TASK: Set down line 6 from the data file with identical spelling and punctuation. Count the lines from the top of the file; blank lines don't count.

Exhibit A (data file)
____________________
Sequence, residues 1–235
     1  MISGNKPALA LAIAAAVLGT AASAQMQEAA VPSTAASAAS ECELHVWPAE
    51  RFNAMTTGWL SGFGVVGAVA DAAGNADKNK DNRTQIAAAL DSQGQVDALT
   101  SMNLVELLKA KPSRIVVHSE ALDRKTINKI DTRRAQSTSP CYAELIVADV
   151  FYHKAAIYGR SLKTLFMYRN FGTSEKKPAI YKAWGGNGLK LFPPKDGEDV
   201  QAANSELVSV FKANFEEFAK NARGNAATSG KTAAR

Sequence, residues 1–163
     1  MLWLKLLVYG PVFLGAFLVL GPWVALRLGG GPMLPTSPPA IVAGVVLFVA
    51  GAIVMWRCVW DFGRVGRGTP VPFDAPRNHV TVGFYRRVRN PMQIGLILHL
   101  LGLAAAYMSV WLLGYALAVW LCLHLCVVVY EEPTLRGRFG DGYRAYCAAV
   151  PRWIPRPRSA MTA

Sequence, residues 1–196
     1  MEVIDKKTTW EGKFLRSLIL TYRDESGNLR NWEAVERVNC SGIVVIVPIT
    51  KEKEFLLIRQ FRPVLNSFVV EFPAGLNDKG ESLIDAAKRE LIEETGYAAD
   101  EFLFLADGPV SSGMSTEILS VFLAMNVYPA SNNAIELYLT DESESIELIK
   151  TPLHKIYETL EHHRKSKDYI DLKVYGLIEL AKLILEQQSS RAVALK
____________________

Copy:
   201  QAANSELVSV FKANFEEFAK NARGNAATSG KTAAR